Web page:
January 31, 2006 – Ruby on Rails Dates
Is it sad that I noticed that my sites were down only when I stopped receiving LJ automated replies to comments? Or is it worse that ArcadeFly.com expired 3 days ago and I forgot to renew it. (I renewed it now, luckily there’s a few days grace period). Local development/experimentation with Rails is going pretty well. With the beauty of the framework and language it’s painful to cut corners, so I’m trying to learn to do everything the right way from the start. Means a little bit slower development, but in the end it’ll hopefully mean a cooler, easier to mantain site. For the hell of it i’ll post some basic rails code to show how easy it is, and why i’m so amazed at how much easier it is to do stuff in rails vs php.
So i’m adding a little date of birth field for when users register. On the form I add this little bit of text:
Pretty simple right? That’ll create 3 form fields, a month, date and year select box with form names
register[dob(3i)]. The month names will be in english. The year will unfortunately be limited to +/- 5 years from today, and it’ll default to january 1,2006. Also it won’t show up in month/day/year order like we’re familiar with but day/month/year. That can be easily changed though…
So is it obvious what the newly added attributes mean? 🙂 That’s one cool thing about ruby/rails, it needs almost no comments in your code. Usually for these fields you’d have to create a select box for each, looping over 1-12, 1-31, 1900-2006 for their respective fields. So what’s the backend look like for processing this?
def create @user = User.new(params[:register]) if @user.save flash[:notice] = 'User was successfully created.' redirect_to :controller => 'account' else render :action => 'register' end endCode language: PHP (php)
So what’s this doing? Assuming for the form submitted to the “create” action (with our form being on the “register” action, although it could come from anywhere) this block of code executes. It declares a variable @user to be a new user created with the
register structure from the form (which would contain all fields such as username, password, etc). You’ll notice dob isn’t anywhere in here, it’s just part of the
params[:register] variable. Pretty slick not needing to handle all the variables individually. The next part is pretty slick as well — “@user.save”. This attempts to do an insert into the database of the entire user object, and based on the model (not shown here) and the structure of the database will either be true or false. If it is rails saves a string of text in the session scope (using “flash”) and which can show up on whatever page is accessed next. In this case it redirects to the account page where it will show thay the user was created. If user creation fails, rails is nice enough to generate an error object with everything that went wrong which can be used when the form is recreated (when it’s sent back to the ‘register’ action).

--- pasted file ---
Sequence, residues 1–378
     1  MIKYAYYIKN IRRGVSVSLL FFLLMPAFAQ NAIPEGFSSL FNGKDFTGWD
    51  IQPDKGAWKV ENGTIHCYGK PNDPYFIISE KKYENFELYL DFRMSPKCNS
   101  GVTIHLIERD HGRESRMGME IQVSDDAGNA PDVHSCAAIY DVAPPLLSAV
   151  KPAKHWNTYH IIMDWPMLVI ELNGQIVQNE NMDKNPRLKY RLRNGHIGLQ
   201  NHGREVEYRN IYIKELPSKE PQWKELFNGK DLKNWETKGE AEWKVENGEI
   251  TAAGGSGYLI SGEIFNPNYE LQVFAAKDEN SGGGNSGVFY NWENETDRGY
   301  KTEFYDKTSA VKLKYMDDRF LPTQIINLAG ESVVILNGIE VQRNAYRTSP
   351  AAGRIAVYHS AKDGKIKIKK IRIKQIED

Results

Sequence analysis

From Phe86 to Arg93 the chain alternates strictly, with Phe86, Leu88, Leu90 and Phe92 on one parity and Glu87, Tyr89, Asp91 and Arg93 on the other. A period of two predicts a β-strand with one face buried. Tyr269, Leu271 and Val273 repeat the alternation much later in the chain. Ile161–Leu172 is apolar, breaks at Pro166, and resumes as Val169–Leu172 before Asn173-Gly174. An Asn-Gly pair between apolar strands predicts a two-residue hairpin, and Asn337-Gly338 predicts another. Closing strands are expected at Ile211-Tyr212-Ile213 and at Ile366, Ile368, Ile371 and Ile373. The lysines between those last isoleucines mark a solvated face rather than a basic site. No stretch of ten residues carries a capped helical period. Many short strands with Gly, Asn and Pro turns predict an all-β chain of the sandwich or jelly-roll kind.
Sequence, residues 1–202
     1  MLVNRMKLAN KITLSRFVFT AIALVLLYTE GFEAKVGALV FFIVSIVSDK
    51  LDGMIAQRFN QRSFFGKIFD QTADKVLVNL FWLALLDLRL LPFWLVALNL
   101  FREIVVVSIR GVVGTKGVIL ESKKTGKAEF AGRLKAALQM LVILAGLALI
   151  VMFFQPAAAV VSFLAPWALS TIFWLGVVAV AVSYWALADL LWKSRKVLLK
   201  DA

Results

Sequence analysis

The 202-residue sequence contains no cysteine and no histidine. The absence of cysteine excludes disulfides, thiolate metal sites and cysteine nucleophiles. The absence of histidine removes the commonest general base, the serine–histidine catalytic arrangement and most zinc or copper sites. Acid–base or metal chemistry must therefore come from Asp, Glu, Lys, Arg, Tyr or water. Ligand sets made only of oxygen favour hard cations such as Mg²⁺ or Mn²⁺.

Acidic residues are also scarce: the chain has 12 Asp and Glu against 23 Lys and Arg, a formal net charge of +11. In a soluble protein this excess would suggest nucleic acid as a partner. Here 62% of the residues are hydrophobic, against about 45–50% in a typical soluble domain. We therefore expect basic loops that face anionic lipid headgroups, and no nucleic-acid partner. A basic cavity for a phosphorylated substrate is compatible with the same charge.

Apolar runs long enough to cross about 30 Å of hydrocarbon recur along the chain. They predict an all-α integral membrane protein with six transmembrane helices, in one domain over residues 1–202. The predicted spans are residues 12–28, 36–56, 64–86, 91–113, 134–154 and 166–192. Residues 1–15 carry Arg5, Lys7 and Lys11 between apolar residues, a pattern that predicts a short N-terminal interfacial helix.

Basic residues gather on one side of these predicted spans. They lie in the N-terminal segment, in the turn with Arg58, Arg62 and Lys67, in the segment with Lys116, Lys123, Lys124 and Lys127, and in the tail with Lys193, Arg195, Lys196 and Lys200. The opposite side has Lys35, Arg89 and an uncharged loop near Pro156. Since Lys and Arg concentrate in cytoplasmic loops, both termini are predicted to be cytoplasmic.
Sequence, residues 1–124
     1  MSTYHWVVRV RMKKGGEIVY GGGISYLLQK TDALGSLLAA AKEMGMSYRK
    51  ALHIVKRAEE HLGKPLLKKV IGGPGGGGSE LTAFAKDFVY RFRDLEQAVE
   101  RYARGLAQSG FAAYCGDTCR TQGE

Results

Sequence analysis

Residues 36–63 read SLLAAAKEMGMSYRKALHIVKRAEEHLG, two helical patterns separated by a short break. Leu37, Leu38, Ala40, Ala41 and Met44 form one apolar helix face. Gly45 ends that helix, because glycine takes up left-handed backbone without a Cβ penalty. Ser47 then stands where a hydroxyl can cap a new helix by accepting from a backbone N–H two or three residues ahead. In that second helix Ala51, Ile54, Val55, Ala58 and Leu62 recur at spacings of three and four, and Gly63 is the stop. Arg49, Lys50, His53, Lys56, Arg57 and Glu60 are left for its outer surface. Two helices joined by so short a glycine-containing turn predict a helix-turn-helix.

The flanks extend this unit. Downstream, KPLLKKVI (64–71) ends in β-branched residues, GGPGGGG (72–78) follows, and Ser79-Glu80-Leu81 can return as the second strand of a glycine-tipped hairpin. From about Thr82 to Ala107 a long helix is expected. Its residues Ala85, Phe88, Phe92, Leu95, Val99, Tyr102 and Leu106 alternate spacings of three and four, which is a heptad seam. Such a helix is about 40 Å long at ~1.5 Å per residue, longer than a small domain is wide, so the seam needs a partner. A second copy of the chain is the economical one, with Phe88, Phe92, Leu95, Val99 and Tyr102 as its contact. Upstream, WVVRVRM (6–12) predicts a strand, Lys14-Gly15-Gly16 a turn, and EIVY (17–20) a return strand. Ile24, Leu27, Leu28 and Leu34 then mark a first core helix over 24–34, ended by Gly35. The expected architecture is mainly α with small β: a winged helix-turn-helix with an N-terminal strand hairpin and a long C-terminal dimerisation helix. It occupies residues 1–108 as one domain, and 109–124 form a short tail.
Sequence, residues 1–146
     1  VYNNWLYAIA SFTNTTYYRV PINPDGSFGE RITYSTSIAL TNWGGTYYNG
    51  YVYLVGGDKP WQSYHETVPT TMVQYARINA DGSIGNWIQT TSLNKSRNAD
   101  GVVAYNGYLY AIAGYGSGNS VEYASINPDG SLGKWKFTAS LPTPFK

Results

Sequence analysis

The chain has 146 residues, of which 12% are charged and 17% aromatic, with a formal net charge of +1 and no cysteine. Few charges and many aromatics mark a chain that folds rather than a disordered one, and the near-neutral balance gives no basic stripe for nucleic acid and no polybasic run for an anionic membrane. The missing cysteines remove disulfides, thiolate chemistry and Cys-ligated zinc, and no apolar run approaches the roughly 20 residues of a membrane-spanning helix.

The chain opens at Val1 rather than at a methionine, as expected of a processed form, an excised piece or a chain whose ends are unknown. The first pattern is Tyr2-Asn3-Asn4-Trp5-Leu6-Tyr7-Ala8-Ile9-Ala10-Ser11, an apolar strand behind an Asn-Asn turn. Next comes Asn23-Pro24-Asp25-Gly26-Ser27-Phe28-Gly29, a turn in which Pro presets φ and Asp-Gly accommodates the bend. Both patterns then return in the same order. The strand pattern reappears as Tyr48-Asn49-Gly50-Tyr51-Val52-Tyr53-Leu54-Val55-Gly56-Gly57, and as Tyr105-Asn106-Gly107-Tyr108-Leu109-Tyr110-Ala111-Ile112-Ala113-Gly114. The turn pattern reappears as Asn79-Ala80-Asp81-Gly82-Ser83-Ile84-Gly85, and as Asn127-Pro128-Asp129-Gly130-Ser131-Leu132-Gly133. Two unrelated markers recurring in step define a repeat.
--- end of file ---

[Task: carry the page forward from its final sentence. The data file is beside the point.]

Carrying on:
I’m messing around with some ajax stuff for fun now, so this code isn’t actually what i’m using, but you can get an idea of how easy it is. Notice that there’s no validation (thats handled in the model), sql (that’s just skipped), and no HTML (well that’s handled in the partials, but that’s another story). Error messages, what to say when a field is entered incorrectly is handled in the model as well, so no matter what page you’re on if you’re updating/creating a user you’ll get the same validation.
Anyways, it was just amazing me how easy it was to do some things, so I thought I’d share. To add icing to the cake, when the page is regenerated the 2nd time (if there were errors), the fields with errors that don’t validate are in a div with
class="fieldwitherrors" attribute to keep things easy. Quite a lot of code saved.
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